I’ve found The Tower Talk a very powerful tool when getting a person to understand another person’s point of view. Consider a square, four-sided tower. At the top of the tower on each side is a window and each window faces to a cardinal point of the compass – north, south, east and west.
When you enter the tower and climb the stairs to the top floor, you find that when you look out of the windows, each has it’s own unique view. Looking out of the window facing North you see a wood. Looking out of the window facing East you see a town. Looking out of the window facing South you see a wide river. Looking out of the window facing West you see the sea. Now. imagine four people have grown up in the tower but have only ever be able to look out of one of those windows.
If you asked each of those people what was outside. dependant on which direction they faced, you would get four different answers, with each answer being the truth. If those four people then came together in the middle of the Tower, each would say that their “point of view” was correct and that those of the other three people couldn’t possibly be true. And so it is in life, we meet people with opinions and values diametrically opposed to our own where it’s a real struggle to understand how they can think that way.
Now let’s examine the windows. If the window only had a narrow gap to see through and a stone window frame, you could equate this to a person with a very limited point of view and a strong ego.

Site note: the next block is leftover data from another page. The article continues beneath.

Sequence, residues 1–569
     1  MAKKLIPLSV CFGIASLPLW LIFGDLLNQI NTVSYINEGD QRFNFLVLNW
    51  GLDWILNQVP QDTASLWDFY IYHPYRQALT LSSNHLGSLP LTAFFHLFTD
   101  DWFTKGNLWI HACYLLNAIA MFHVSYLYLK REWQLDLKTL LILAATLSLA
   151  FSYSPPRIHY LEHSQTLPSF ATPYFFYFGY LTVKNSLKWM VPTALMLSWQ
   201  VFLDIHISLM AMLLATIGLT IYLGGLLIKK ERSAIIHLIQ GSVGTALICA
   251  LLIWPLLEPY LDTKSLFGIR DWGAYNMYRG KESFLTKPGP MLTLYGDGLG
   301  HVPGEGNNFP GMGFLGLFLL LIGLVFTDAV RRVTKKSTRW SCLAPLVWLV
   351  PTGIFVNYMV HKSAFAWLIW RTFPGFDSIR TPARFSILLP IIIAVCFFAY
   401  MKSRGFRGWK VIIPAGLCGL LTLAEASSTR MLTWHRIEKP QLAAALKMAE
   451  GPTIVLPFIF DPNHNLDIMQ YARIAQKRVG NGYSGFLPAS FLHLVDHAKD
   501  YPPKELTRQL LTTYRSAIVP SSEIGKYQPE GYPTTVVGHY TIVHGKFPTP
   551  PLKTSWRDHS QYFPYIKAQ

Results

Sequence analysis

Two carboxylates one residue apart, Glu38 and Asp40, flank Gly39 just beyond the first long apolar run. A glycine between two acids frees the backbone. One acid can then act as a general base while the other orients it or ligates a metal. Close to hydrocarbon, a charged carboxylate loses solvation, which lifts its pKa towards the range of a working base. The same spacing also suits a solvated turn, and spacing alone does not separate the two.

The narrow gap would be the inability to see another’s point of view, whilst the stone window surround would indicate it would be very hard to get them to see, let alone agree with a point of view differing from their own. Examining another window you might find it was a big expanse of glass with a light, wooden window frame, a portion of the window might even open so that you could lean out and look around the corner. This would equate to a person with a much more open mind and less ego, willing to look out and appreciate someone else’s opinion.
I’m hoping from this analogy that you will see we all grow up to a greater or lesser extent looking out of our own window. What we see can lead to an entrenched position on a wide variety of subjects such as religion, politics or even which football team should be supported. If you have only ever looked out of your own window you will only have ever seen your own point of view. It can then be hard to appreciate an opinion differing from yours. So in the future if you encounter someone with an opinion or point of view that is directly opposed to yours and you feel yourself getting irritated or angry, just breathe deep and think of The Tower Talk. Understanding it is through the other person’s cultural, religious or familial experience – the view from their window – that formed this point of view can help you let go of those emotions and appreciate why that person has that opinion. The answer to this problem is actually simple, go up on the roof of the tower and have a damn good party. From the roof of the tower all points of view can be seen and whilst not everyone may be in agreement, the differing views can be appreciated leading to more understanding and tolerance between us all. Here’s to a great party!
Before you go please click
to receive my newsletter with offers and all the latest news and
also to be entered into the monthly
draw to win a FREE SESSION of Point of Balance